Written by: Colin Anderson
Conductor Russell Keable talks about the Kensington Symphony Orchestra as it approaches its 50th-birthday…
London is not short of orchestras. Thankfully! One such is the Kensington Symphony. It may give relatively few concerts and be of amateur status – but it is a splendid ensemble of musical excellence, one with an admirable willingness to explore the repertoire. It all began with a concert in Brighton in 1956. Since then the identity of the KSO has been firmly established. As a half-century of existence beckons, the orchestra’s new season is a winner. I congratulate the KSO’s conductor, Russell Keable, on the enticing programmes. “Reckless is another word! The Kensington Symphony has a glorious tradition of adventure.”
Russell describes being Music Director of the KSO as a “full-time part-time job. It’s a weekly orchestra in terms of rehearsals. If we have a break people really miss it, they like the sense of community.” Outside of the main season at St John’s, Smith Square, the KSO attracts “serendipitous things. Our management team is a small number of people that do all the work; e-mail makes all the difference.” The opening concert is on October 17 and begins with a little something of Russell’s own, a fanfare (“I have an idea, but I’m not saying anything to anybody!”). Russell has been associated with the KSO for over 20 years. “It keeps going up! I was a postgraduate at the Royal College with Norman Del Mar and I knew Lawrence Leonard. He conducted the Morley Symphony, and I conducted there for a while; Leslie Head, who founded the KSO, approached me to become his assistant. When Leslie retired, I took over the reins. It’s very hard identifying a slot for an amateur orchestra; we have this tradition of doing revivals and much contemporary music.”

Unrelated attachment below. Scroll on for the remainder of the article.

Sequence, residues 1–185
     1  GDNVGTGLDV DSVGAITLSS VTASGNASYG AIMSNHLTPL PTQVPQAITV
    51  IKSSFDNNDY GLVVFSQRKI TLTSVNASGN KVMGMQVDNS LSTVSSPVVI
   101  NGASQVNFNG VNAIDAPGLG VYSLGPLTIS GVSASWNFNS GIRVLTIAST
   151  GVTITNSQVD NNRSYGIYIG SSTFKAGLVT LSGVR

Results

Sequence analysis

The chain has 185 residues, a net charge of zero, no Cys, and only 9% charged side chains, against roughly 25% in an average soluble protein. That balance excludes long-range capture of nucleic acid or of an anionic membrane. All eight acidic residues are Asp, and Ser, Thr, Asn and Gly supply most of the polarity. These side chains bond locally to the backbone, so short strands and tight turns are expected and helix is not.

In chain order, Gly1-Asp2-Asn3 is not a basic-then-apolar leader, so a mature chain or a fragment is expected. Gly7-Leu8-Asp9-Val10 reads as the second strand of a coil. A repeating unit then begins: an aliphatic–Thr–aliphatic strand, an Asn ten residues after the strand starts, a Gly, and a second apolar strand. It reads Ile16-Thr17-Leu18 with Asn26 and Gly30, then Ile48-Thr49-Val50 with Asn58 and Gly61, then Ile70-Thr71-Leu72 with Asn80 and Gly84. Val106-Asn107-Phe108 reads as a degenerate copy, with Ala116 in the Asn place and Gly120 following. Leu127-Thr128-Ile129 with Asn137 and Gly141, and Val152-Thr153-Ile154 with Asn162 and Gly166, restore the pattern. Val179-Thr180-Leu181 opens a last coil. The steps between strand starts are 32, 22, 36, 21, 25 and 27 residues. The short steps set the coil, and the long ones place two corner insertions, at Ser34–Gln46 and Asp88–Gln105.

The KSO provides opportunities for skilled musicians making careers in other areas. “In the centre of London there’s a tremendous pool of people; people who were professionals and those who trained to be professionals who did other things. The orchestra is shaped around me in that people gravitate to my style of conducting and the way I rehearse.”
That’s easily understood, for Russell is a fine musician, lucid in technique, and encouraging and perceptive in rehearsal. “Its about playing what’s on the page.” Yes, but Russell isn’t a pedant, and my experience of a KSO rehearsal is of the musicians caring, sharing and questioning, and Russell being accommodating and true to himself and the music he is directing. Following Russell’s fanfare, the first concert includes Concerto in Pieces by Poul Ruders, based on Purcell and which is “quite fun” and was once played at the Last Night of the Proms. Then comes the British premiere of Aulis Sallinen’s Symphony No.8 (Autumnal Fragments), typically quixotic and approachable (and recorded on CPO 999 972-2). Finally Rachmaninov’s masterly orchestral swansong, Symphonic Dances, which includes a glorious saxophone solo and concludes with a dance of death.
The KSO’s other concerts include a Tippett/Beethoven pairing, Mahler 5, and two concerts of mouth-watering combinations – Colin Matthews, William Alwyn and Bartók, and favourites by Britten and Elgar with Hugh Wood’s “fantastic” Variations, another Last Night piece and “audience-friendly”. The Alwyn is his concentrated and powerful Symphony No.5; try it on Naxos 8.557647.
Did Russell always want to conduct? “Yes, I had my knitting needle at an early age and was standing in front of the old HMV Black Box waving my arms around.” And what of his teachers, George Hurst being the other? “A fantastic contrast. Norman was intellectual and knew the repertoire inside out and made me question everything in a score. George was the emotional input; there’s nothing more important than the long line of a piece, you’re telling a story.”
Russell sees himself “as a communicator – I love doing education projects and talking to school-kids, and I can recognise when an audience is falling asleep! I’m a bit of a missionary when it comes to contemporary music, which can have tremendous impact on the orchestra and the audience.” And the KSO certainly has a loyal audience, with the orchestra itself being for Russell “the centre of my life.”